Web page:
After figuring out how to use Maven to write SWT applications, I figured it was time to tackle JFace.

If you read through the JFace wiki page above, though, it says that to use JFace + SWT outside of Eclipse we basically have to locate several dependencies, namely:

  • org.eclipse.core.commands_<version info>.jar
  • org.eclipse.equinox.common_<version info>.jar
  • org.eclipse.jface_<version info>.jar
  • org.eclipse.osgi_<version info>.jar
  • org.eclipse.ui.workbench_<version info>.jar

All of these are available in the standard installation of Eclipse IDE in the ${ECLIPSE_HOME}/plugins directory.

Now, it would be a 10 minute job to manually search for, copy and paste the actual JAR filenames and execute the Maven commands to install those into the local repository with proper group and artifact ids.

Since I’m ‘lazy’, though, instead of 10 minutes I decided to spend a couple of hours writing a Ruby script to do this all for me (I originally started to write it in bash but I realized it’d be a lot easier in Ruby).

Here it is. Read the rest of this entry »

I’ve been trying to get my feet wet writing code for the Eclipse platform. I figured a good first step is to become familiar with Eclipse SWT—the Standard Widget Toolkit, and work my way up from there.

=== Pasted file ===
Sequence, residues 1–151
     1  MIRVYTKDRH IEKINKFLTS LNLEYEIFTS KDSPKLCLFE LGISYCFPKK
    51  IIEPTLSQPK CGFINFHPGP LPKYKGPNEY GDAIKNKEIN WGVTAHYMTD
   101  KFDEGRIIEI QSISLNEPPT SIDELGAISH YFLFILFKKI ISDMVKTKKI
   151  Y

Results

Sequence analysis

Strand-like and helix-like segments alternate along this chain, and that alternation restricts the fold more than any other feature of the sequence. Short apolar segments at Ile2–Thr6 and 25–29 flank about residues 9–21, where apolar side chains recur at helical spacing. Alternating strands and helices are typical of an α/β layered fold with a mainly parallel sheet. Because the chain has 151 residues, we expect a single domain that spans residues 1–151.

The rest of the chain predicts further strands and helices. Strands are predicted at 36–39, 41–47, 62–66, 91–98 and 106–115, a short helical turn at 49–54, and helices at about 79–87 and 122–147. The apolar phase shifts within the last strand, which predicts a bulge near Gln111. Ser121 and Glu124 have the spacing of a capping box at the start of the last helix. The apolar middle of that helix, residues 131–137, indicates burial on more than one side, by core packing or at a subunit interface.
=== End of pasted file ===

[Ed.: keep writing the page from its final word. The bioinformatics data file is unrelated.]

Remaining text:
Since I use Maven, I had to struggle a bit finding out how to configure my Maven project properly so that it’ll build an SWT app that’ll run both under Eclipse and from the terminal.

A little Googling brought me to Brice Lambi’s post on Maven SWT builds, but that was a little outdated.

In particular (and only after careful reading), the guide to Deploying SWT apps on Mac OS X says that the -Djava.library.path=.. option is needed for Eclipse 3.2.2 and earlier. Apparently, starting with 3.4 all you need is your OS-specific JAR (see here).

Anyway, after much fiddling about, I was able to get it all working like so: Read the rest of this entry »

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